Roberto Carlos, Samuel Eto’o & Bugattis: Whatever happened to Anzhi?

Most of us care little about domestic football in Russia. But when one club signed international stars including Roberto Carlos and Samuel Eto’o, things got decidedly interesting.

If you want a good example of the butterfly effect in football, look no further than Anzhi Makhachkala, a Russian club based in the Republic of Dagestan, almost causing Yaya Toure to leave Manchester City in 2014.

How did it happen? Did the Russian club lodge a bid for the Ivorian midfielder? Did they secretly tap him up from afar?

No and no.

Instead, Anzhi’s billionaire owner Suleyman Kerimov simply bought a Bugatti Veyron, a car worth around £1million, for club captain Roberto Carlos — yes, that Roberto Carlos — on his 38th birthday. In 2011.

Three years later, that tiny flapping of very expensive wings caused a tornado in Manchester, as Man City failed to appropriately recognise Yaya Toure on his birthday.

“He got a cake,” admitted Dimitry Seluk, Toure’s notoriously difficult agent. “But when it was Roberto Carlos’s birthday, the president of Anzhi gave him a Bugatti.

“I don’t expect City to present Yaya with a Bugatti, we only asked that they shook his hand and said ‘we congratulate you’. It is the minimum they must do when it is his birthday and the squad is all together.”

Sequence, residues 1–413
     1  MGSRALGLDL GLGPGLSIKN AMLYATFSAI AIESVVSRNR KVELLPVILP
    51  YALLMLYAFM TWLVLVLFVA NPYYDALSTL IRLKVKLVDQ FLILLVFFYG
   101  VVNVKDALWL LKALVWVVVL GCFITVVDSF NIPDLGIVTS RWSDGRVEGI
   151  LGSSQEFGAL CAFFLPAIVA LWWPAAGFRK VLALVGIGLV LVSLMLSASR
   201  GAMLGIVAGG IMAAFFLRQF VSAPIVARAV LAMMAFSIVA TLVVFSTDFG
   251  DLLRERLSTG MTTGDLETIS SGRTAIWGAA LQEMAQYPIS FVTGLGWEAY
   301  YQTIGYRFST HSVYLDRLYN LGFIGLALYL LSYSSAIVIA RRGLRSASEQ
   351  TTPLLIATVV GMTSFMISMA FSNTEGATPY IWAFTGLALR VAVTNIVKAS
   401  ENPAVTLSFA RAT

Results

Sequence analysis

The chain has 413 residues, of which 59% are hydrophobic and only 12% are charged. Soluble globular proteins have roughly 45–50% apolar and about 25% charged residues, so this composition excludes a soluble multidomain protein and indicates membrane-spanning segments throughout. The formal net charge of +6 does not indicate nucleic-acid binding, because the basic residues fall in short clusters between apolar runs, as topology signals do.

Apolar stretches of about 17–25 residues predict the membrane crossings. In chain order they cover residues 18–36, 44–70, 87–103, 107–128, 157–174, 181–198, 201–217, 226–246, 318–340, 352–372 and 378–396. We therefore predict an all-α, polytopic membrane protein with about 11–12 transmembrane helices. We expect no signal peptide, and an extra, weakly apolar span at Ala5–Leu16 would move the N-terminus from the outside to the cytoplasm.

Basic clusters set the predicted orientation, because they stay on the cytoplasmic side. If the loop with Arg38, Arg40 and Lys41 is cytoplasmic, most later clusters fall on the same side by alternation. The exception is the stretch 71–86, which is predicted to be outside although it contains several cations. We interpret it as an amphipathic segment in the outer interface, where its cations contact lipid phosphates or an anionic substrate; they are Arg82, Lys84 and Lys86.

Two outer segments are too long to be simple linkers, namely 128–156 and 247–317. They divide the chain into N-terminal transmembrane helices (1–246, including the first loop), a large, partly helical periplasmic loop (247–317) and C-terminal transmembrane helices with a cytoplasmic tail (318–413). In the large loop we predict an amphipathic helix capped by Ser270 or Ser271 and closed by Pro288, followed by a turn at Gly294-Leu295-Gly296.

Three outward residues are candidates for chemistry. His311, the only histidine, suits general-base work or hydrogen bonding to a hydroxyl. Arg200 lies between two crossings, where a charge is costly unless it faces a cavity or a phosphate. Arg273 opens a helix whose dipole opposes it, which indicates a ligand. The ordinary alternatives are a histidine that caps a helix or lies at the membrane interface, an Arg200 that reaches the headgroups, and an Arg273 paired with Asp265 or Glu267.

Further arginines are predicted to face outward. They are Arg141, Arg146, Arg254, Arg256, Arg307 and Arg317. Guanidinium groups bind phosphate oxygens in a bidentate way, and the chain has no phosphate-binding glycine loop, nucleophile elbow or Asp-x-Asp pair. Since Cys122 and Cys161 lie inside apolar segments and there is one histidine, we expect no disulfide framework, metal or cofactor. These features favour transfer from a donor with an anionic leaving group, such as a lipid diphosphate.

The weird goings-on at Anzhi Makhachkala were having a wider impact than anyone might have expected.

But with the Russian club’s footballing experiment creating shockwaves all the way over in Manchester, just imagine how strange things were in Dagestan…


Anzhi Makhachkala went into the 2011-12 Russian Premier League season having just finished 11th. The season before that, they had been promoted from the second tier.

But if the club and its fans had been planning for steady consolidation of their position, they were in for quite a shock.

On January 18, 2011, Suleyman Kerimov, a Dagestan-born billionaire with a fortune accrued from oil, banking and fertiliser deals, took over the obscure Russian club with the promise of investing millions.

It didn’t take long for him to make good on that promise. However, the club’s early purchases appeared to be motivated by promotional reasons more than footballing ones.

A 37-year-old Roberto Carlos, fresh from having his contract terminated at Corinthians, was brought in alongside three other Brazilians: defender João Carlos from Genk, forward Diego Tardelli from Atlético Mineiro, and highly-rated midfielder Jucilei, who had been playing alongside Roberto Carlos at Corinthians.